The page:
Lagging culture and limited literacy among health practitioners are hindering progress when it comes to digital health, according to experts based overseas.
Australia is far behind other countries when it comes to establishing a “culture of innovation” that will facilitate sharing by default and push greater innovation in digital health.
Charles Cornish, CEO of Monarch Medical Technologies, told attendees at today’s Wild Health summit that although conversations around data and interoperability standards were far more common than they used to be, further progress was hindered by attitudes towards innovation among Australian clinicians.
In particular, conversations about the problems and constraints of digital health tools and possible opportunities for overcoming these constraints were “limited and restricted” to clinicians’ inner circles as opposed to being out in the open, Mr Cornish said.
“I always think about whether Australia is ready for innovation culturally as opposed to whether we need to be throwing more money at it,” Mr Cornish said.
“There’s obviously some structural issues in Australia, which will create issues as it relates to pure innovation and taking risks. We’ve got a single payer model (and) where it sounds like we’re moving to a single EMR provider, what’s their incentive to innovate? What’s their incentive to rush to share data?
“It comes down to the culture of wanting to be innovative.”
According to Dr Suzanne Miller, Director of Strategy, Quality, and Technology at Victorian Virtual Emergency Department, negative perceptions towards the commercial sector among clinicians working in the public system was another major factor preventing greater innovation in virtual care in Australia.
“There’s a lot of distrust of the commercial sector – like maybe it’s dirty money – because we’re publicly funded,” she said.
“It’s this idea that we’re a public health service and (there are) these naughty people who want to come in and do the private side,” Dr Miller said.
“We have to understand that public/private partnerships can be very, very positive.
“The other thing is that the tall poppy syndrome is real and needs to be worked on. I find sometimes that when businesses are doing really well, they are told you are not that special.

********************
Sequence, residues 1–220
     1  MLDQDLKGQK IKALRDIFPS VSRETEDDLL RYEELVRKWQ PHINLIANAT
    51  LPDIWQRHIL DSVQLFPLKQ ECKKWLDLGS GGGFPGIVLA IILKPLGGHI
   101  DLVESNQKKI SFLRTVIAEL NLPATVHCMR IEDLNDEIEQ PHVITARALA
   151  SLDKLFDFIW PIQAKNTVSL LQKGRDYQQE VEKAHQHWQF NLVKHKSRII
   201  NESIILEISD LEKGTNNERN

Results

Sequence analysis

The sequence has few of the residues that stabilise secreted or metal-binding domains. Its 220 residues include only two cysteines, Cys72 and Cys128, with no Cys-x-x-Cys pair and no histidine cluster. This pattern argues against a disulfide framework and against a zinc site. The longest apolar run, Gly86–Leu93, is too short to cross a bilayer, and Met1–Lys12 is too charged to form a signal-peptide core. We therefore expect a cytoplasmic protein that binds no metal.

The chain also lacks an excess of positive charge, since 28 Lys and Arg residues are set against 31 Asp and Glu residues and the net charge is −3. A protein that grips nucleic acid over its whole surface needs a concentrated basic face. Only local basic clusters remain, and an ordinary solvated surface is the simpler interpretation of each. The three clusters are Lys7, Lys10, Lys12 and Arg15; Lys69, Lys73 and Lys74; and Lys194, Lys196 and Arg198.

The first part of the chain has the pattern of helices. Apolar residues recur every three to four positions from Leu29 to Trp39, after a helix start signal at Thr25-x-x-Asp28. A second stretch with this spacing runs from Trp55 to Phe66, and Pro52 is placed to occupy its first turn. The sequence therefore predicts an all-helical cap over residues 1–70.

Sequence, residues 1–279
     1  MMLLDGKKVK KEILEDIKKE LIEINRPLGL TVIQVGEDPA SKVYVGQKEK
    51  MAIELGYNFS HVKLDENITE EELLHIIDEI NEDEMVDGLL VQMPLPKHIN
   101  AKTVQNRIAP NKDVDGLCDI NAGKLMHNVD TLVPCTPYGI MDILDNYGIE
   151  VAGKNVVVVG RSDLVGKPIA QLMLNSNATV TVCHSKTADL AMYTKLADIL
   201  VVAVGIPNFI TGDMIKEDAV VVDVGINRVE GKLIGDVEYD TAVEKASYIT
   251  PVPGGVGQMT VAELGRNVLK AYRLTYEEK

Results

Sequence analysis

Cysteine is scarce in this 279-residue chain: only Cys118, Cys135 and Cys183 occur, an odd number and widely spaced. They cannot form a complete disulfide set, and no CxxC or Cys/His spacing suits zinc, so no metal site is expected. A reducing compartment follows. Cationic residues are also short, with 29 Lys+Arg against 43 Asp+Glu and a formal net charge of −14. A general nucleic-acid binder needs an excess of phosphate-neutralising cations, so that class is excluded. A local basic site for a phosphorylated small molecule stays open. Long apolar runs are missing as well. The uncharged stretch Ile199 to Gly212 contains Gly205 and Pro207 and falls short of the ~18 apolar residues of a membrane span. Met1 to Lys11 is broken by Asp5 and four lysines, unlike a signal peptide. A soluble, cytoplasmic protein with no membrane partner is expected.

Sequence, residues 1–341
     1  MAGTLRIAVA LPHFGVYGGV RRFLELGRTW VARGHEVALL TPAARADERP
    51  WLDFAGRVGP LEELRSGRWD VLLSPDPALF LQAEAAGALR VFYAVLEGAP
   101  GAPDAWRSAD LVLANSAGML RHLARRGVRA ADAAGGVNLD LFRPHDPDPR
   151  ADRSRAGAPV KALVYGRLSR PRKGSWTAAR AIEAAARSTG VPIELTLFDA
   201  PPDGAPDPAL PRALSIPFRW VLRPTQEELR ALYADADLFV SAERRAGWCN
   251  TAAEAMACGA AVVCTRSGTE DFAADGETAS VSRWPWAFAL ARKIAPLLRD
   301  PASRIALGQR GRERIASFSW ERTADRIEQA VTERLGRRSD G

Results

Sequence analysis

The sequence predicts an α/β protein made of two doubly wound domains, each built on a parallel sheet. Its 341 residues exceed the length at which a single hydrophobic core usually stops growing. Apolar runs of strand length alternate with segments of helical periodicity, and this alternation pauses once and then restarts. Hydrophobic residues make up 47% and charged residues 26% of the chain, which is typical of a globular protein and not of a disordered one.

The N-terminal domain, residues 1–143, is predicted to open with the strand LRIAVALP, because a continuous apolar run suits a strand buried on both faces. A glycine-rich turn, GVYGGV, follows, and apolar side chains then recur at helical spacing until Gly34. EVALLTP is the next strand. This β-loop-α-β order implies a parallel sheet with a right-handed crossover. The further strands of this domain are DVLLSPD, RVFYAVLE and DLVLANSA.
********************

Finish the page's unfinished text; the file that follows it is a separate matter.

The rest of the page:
“I think we could champion our commercial successes a bit more.”
Mr Cornish and Dr Miller were joined on the panel discussion DoHAC Assistant Secretary Daniel McCabe, Chief Medical Information Officer at Royal Melbourne Hospital Dr Robyn Gillies and Hunter New England and Central Coast PHN CEO Richard Nankervis.
Alongside improving digital health literacy and advancing attitudes on virtual care among clinicians, particularly among GPs, panellists agreed that work needed to be done to improve data collection and sharing through My Health Record.
“For GPs, a lot of the benefit is in that connection (and) the information, remembering also that the record is a relatively static PDF,” Mr Nankervis said.
“But I think some of the federal government announcements have been positive around the direction for My Health Record because there’s a perceived benefit for use issue.”
Mr McCable added that:
“We’ve got to make it more useful for general practice (and) mandating sharing test results (will help) work through what’s useful for both general practice and patients to be shared, things like health assessments and chronic disease management plans.
“We’re going to focus on working with all practice software to actually make the connection to My Health Record and payment systems.”
Digital literacy among patients was also a significant barrier preventing consumers from driving improvements to My Health Record that panellists agreed needed to be addressed.
“We need to give our patients expectations, so they should be saying, ‘why are you not putting this in My Health Record? This is my information. Why is it not going? What is stopping this?’,” Dr Gillies said.
“So we need our consumers to be far more educated about what we’re doing and what we are capable of doing.”
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